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The General Decision Problem

Part of the Springer Texts in Statistics book series (STS)

The raw material of a statistical investigation is a set of observations; these are the values taken on by random variables X whose distribution P θ is at least partly unknown. Of the parameter θ, which labels the distribution, it is assumed known only that it lies in a certain set Ω, the parameter space. Statistical inference is concerned with methods of using this observational material to obtain information concerning the distribution of X or the parameter θ with which it is labeled. To arrive at a more precise formulation of the problem we shall consider the purpose of the inference.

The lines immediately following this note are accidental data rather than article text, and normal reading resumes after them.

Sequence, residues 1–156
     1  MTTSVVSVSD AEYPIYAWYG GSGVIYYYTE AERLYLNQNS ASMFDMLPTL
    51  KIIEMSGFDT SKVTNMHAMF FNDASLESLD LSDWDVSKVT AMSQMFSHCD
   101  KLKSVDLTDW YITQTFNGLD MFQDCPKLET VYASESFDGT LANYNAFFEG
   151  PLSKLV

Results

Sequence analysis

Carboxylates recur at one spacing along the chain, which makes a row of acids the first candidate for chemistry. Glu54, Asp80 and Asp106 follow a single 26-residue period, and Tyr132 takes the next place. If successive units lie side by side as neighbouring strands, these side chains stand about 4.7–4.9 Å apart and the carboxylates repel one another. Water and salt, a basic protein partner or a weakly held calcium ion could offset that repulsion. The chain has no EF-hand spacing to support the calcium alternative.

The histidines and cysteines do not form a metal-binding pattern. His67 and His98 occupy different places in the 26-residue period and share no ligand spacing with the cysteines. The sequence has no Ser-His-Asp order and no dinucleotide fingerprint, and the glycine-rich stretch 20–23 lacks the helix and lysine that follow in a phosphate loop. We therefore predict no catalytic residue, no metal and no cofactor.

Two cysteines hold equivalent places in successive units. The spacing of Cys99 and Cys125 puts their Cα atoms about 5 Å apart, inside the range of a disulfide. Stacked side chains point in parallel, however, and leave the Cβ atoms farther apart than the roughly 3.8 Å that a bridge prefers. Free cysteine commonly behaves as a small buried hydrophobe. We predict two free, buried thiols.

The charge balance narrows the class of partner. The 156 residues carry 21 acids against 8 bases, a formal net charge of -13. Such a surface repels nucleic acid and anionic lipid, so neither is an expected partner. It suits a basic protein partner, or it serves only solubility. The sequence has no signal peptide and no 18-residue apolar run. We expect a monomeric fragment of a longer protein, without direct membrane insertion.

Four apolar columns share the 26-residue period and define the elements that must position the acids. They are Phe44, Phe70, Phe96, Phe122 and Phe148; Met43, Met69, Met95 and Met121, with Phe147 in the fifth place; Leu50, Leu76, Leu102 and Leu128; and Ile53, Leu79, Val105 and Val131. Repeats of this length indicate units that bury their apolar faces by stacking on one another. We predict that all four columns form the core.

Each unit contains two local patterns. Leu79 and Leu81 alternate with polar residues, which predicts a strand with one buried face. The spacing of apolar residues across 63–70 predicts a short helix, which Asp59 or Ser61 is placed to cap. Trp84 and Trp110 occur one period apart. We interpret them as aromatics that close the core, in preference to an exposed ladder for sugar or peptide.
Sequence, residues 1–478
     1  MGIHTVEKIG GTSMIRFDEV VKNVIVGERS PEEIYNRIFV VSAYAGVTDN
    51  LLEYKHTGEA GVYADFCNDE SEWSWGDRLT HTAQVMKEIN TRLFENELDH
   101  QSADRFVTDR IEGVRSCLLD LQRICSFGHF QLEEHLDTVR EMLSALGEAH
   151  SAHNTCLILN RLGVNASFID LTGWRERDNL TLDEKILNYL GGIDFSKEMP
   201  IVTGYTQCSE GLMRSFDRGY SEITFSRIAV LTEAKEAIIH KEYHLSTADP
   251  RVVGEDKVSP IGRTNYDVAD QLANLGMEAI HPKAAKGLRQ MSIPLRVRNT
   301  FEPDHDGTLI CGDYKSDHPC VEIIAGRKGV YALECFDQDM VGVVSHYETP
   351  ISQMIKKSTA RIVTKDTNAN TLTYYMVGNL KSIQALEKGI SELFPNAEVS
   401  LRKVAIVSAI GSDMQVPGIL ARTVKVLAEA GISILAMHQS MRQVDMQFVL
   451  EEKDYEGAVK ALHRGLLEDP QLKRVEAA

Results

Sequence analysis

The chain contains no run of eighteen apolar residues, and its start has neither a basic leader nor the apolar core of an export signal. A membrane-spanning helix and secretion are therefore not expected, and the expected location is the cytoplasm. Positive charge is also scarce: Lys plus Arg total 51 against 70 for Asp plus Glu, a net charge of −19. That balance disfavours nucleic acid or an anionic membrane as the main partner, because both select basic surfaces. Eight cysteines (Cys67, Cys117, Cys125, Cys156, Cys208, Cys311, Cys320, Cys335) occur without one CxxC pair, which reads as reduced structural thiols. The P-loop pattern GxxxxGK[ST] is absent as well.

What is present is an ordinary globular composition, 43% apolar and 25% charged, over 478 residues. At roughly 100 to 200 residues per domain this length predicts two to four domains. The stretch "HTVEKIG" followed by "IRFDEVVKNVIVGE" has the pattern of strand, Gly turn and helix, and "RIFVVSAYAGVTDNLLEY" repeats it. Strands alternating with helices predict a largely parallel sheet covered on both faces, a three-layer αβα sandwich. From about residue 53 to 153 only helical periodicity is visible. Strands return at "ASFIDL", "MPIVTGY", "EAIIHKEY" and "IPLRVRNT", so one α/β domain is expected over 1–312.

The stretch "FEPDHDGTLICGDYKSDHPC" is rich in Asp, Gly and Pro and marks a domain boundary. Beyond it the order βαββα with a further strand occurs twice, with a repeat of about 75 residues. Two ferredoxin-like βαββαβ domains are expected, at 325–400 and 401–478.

The above discussion suggests that the aim of statistics is the selection of a decision function which minimizes the resulting risk. As will be seen later, this statement of aims is not sufficiently precise to be meaningful; its proper interpretation is in fact one of the basic problems of the theory. The above discussion suggests that the aim of statistics is the selection of a decision function which minimizes the resulting risk. As will be seen later, this statement of aims is not sufficiently precise to be meaningful; its proper interpretation is in fact one of the basic problems of the theory.

Keywords

Loss Function Decision Problem Conditional Distribution Decision Procedure Risk Function 
These keywords were added by machine and not by the authors. This process is experimental and the keywords may be updated as the learning algorithm improves.

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© Springer Science+Business Media, LLC 2005

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